Call for Artists, Making Money at Juried Art Fairs, Craft Shows and Festivals
After a six-week homestand doing shows in and around Fort Myers, my winter schedule finally kicked me out of the house and sent me three hours east to Hobe Sound, on Florida's so-called "Treasure Coast." Couldn't be a better place for a show than that, right?
This was a very good, but not great, show for me last year, with good crowds and lots of buyers of smaller bird photographs (only one wall canvas, but lots of 8x10 and 11x14 mat sizes). My hope was that the crowds would return and be undeterred by the larger sizes and lack of 8x10 mats that I was bringing with me for this year's show.
Well, some dreams came true: Despite some iffy morning weather both days, and potential competition from Super Bowl parties, crowds returned in full force all weekend. But sales (for me, at least) were spotty: Folks bought small again this year on Saturday. Then, on Sunday, they browsed but hardly bought at all. I wound up with just over half the sales total I had last year.
But my results might not have been typical. Among my neighbors, a 2-D artist who zeroed at last year's show sold at least two pieces at $800 to $1000 price points. Another mixed-media artist sold a $2400 piece. Longtime friends on the American Craft Endeavors circuit who sell fun furniture fashioned from white shutters nearly sold out their stock. Jewelers I spoke with briefly (the crowds were too big to walk the show for long) did OK to well. The photographers I spoke with weren't quite so pleased.
Setup/teardown logistics were as easy as it gets. As I reported on Friday, there was an "unofficial" Friday setup (Howard Alan explained to me that that had to do with jurisdiction issues along this particular stretch of road.) Security wasn't provided on Friday, so many artists just chose to set up their tents and display furnishings and bring their artwork on Saturday morning. The show venue is a narrow two-lane road flanked by a grassy berm and railroad (on the east) and a sidewalk and service road (on the west). Tents were arranged pole-to-pole, along each side of the road, rather than back-to-back, giving the many patrons just enough room to walk the show. There was lots of storage space behind each tent.
Artists on the west side could park in diagonal parking spots right behind the tents during setup/breakdown. East-side artists could drive onto the grassy meridian separating the show from railroad tracks for tear-down parking. (Shockingly, one despicable artist wasn't satisfied with that, and actually spit at the show manager--thankfully, missing his target--when she refused to let him in early on Sunday. Surely we won't see him again at a Howard Alan show. Hopefully, we won't see him at any other, either.)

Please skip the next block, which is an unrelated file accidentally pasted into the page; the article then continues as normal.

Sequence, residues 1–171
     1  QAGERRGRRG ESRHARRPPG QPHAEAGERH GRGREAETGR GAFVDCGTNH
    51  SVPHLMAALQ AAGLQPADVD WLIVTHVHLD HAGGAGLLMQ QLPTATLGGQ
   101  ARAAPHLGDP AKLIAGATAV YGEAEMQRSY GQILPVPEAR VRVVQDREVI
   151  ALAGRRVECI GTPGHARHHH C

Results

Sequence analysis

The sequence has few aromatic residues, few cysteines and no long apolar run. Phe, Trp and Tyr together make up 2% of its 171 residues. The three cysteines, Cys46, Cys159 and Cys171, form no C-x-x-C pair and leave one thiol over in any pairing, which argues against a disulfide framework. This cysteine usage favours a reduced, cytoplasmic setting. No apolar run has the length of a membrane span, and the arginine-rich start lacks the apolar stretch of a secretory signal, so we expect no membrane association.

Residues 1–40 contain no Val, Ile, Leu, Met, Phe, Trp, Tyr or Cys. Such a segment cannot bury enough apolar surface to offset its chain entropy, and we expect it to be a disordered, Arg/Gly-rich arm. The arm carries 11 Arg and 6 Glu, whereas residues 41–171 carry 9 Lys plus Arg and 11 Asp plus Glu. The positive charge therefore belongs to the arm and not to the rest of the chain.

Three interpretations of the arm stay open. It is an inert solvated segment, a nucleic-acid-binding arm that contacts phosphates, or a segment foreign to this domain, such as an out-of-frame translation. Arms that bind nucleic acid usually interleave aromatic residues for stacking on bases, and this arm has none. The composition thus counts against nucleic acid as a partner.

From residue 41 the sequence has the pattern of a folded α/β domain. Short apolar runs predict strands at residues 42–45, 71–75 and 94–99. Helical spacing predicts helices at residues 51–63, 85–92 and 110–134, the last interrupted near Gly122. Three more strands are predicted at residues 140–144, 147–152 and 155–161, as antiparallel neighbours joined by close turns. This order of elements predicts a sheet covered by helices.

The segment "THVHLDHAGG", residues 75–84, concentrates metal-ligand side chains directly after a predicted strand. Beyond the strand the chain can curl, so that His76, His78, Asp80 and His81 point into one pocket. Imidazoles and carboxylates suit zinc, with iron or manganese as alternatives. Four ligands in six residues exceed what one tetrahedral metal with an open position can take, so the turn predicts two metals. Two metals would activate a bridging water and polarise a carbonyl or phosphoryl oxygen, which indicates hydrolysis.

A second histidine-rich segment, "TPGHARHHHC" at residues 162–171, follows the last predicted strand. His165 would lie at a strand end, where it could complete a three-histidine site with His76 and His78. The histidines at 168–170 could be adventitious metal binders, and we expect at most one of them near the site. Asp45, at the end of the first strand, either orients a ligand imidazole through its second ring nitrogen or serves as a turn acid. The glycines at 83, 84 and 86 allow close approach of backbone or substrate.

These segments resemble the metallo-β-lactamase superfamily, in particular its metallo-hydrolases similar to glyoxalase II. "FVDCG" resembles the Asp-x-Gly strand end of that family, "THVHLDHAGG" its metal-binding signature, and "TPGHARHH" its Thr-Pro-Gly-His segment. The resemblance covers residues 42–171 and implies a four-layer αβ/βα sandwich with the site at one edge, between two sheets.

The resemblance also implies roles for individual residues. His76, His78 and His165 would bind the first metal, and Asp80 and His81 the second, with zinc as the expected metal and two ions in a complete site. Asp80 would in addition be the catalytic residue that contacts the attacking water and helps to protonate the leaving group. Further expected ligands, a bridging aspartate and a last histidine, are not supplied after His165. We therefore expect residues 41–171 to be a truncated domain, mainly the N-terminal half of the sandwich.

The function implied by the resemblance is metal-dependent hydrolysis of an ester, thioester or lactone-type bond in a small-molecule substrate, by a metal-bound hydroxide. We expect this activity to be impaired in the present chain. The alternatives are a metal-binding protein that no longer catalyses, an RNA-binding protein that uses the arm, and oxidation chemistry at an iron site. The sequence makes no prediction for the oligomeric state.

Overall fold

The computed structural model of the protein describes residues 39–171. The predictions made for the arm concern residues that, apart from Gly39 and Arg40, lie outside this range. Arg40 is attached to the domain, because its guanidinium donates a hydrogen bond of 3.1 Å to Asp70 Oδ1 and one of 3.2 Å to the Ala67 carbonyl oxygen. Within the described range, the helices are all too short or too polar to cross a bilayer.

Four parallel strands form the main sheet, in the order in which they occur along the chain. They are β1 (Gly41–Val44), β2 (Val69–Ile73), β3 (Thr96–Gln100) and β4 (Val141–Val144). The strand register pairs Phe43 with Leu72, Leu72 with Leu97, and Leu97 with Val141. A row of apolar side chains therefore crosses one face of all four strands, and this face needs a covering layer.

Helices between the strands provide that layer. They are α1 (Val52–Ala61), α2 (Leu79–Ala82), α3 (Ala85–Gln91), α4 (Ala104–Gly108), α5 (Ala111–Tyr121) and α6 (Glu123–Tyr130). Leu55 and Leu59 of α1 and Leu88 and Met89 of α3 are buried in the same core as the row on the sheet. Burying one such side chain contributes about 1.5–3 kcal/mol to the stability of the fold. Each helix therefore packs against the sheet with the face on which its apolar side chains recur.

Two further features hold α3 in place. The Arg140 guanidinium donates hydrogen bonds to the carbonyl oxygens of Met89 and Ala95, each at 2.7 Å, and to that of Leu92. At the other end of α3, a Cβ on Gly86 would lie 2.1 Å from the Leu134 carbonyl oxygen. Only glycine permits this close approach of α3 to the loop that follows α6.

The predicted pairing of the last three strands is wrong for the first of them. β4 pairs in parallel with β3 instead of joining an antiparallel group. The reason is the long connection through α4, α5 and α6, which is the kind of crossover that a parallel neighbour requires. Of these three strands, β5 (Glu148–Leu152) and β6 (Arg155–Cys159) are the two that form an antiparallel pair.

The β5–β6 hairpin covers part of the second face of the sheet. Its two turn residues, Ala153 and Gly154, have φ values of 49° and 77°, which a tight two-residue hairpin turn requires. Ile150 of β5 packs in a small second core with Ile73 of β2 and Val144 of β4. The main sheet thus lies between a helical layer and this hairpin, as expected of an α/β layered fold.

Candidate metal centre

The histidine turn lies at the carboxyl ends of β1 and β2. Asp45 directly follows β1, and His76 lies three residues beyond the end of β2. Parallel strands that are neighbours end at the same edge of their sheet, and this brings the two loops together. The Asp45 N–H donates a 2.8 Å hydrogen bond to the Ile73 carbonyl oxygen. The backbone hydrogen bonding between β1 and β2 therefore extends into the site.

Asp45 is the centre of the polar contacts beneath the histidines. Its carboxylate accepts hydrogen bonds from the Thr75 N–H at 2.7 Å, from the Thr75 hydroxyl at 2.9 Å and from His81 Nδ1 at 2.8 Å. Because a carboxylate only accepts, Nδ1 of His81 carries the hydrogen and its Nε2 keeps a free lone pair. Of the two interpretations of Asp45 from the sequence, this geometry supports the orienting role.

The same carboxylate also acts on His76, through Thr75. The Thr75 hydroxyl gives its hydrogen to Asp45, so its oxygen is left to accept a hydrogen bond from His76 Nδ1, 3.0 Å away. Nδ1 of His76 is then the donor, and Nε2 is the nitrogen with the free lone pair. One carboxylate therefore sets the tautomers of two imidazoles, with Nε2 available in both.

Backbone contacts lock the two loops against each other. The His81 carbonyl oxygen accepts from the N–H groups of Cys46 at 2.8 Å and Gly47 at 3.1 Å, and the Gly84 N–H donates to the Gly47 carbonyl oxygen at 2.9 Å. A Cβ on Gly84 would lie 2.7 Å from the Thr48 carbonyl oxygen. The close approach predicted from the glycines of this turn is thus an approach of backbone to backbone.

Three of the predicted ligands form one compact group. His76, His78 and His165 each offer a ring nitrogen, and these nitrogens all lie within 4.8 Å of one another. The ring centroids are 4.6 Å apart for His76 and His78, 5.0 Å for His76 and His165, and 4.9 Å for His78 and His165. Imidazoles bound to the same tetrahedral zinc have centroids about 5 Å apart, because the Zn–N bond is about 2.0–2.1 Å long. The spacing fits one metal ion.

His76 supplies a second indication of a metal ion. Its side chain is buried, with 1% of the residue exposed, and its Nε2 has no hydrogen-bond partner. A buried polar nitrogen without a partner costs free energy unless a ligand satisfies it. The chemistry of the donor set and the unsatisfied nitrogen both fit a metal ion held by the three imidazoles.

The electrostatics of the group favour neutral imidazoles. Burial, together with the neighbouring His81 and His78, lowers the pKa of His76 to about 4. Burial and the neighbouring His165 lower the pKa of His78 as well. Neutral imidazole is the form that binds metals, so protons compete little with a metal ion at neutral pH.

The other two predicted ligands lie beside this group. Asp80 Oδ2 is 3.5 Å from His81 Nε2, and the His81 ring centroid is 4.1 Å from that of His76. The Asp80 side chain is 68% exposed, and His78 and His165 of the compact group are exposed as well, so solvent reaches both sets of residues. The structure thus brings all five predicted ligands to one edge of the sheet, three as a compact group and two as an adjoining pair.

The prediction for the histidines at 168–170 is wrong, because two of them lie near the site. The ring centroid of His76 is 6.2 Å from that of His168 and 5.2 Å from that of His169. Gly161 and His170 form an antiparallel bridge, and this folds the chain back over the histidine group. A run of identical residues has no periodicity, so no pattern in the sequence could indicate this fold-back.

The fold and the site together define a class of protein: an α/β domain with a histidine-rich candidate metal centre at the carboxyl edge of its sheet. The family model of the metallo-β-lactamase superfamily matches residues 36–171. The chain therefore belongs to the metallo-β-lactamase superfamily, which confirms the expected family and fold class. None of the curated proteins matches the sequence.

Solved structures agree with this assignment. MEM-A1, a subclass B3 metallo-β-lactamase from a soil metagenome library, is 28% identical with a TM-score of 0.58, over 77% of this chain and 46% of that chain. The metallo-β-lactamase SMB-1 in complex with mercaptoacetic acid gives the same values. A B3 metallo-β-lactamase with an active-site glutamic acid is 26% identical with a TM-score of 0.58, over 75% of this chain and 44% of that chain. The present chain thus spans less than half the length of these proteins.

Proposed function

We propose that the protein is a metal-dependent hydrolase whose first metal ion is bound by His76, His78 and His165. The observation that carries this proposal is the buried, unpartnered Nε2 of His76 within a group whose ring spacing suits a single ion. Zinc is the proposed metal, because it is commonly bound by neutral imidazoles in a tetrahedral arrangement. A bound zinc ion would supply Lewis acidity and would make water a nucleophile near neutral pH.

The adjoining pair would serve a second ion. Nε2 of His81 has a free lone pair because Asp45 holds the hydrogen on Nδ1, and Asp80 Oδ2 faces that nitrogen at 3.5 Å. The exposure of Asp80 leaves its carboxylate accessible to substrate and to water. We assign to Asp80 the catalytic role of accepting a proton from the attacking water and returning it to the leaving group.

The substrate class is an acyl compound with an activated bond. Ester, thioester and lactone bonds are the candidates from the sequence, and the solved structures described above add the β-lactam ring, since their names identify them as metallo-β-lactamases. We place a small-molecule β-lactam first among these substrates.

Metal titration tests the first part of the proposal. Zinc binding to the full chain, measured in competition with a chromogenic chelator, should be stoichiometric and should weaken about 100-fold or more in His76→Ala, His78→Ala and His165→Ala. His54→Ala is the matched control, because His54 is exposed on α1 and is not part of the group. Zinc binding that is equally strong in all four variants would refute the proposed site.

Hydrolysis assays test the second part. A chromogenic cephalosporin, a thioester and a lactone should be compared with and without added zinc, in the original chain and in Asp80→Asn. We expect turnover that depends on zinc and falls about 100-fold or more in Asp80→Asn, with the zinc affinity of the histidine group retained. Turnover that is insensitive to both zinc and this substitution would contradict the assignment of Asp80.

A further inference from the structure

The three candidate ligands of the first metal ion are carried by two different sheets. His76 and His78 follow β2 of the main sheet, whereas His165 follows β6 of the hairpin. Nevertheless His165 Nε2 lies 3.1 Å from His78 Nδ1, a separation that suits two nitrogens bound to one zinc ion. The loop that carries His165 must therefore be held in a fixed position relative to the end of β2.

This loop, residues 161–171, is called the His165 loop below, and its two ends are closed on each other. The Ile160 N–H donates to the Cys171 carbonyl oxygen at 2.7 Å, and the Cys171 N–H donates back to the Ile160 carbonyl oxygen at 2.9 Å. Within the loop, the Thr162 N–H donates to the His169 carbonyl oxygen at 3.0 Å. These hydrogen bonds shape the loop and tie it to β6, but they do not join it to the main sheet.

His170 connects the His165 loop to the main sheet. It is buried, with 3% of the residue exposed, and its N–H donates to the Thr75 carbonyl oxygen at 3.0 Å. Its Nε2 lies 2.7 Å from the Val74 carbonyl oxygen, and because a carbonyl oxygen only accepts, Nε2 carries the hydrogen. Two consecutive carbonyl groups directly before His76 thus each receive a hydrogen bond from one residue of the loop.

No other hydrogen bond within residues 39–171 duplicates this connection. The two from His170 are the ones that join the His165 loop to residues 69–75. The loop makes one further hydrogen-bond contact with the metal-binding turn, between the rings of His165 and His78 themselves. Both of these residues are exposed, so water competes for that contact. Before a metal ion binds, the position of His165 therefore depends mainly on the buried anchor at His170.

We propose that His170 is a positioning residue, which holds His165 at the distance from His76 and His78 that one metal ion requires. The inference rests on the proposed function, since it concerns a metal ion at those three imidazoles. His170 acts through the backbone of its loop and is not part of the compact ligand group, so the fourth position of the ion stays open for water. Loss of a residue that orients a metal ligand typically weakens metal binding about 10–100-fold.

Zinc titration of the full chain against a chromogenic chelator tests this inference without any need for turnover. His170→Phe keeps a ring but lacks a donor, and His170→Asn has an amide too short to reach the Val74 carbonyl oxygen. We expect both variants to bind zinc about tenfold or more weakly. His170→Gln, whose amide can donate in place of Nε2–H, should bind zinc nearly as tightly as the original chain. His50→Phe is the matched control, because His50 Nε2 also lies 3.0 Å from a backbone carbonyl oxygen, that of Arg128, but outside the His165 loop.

If you do this show, note that there aren't any chain hotels in Hobe Sound. The dot-com hotel sites will find you plenty of places in Stuart (about 10 miles due north along US Route 1) or Port St. Lucie (about 15 miles). A number of us stayed at the Best Western "Plus" in Stuart, with recently-modernized rooms, a flat-screen HD TV for Super Bowl watching, and one of the most sumptuous free breakfast buffets I have ever experienced. Several of the restaurants right behind the show were gracious hosts for the artists, and there are lots of good restaurant choices in Stuart, too.
Though I was disappointed in my own sales, I gave out a bazillion business cards to folks (you'll be asked often if you're doing upcoming shows in Stuart and Jupiter--among them, Alan's Stuart show in two weeks, his Jupiter-by-the-Sea in March, ArtFest Stuart, and ArtiGras in Jupiter. Yow, it's almost like Naples!). Interestingly, most of the folks I spoke with were year-long local residents; to the best of my knowledge I didn't speak with a single resident of deep-pocketed Jupiter Island. So I'm crossing my fingers that I'll see many of my be-backs over the next month on my return trips.
There was some good news:
* I was invited to have a large one-man show at the nearby Jonathan Dickinson State Park, which has hosted wildlife art shows from some very well known artists and at least one National Geographic photographer. So that gives me something to shoot for (pun regrettable but intentional). I'll be back in two weeks for ArtiGras, and stay the week to photograph in and around the park, then wrap up my Treasure Coast swing with Alan's show in Stuart.
* And I can't write this post without sharing a wonderful moment: On Saturday morning I was visited by a young lady, 10 years old, and her mom. The youngster rattled off the name of every bird on my wall as she looked at my canvases, and spent about 20 minutes chatting with me about her new camera as she browsed through my matted prints with fascination. At times, her mother helped her ID any unfamiliar birds (of which there were darn few). I offered her my child's discount on a photograph. With her mom's approval, she pulled out her own coin purse and handed me cash for the purchase (her mom supportively chipped in $5 to make up the shortfall).
That made my day on Saturday. Then, imagine my surprise when she returned on Sunday to hand me an 8x10 photograph of a Blue Jay that she'd snapped at her bird feeder on Saturday afternoon--perfectly captured, carefully printed, signed in the bottom right corner with a felt-tip pen, and sealed carefully in a plastic bag!
I've given child discounts to many youngsters over the last four years, I told her, but never have I received such a gift in return. It's already framed (in an 8x10 frame I bought last week, without really knowing why) and hanging on the wall next to me as I write this.
What a great reminder that sales may be great or small, but every visitor represents an opportunity to touch a life...and have ours touched in return. Thanks to young Jenna and her mom for delivering the message!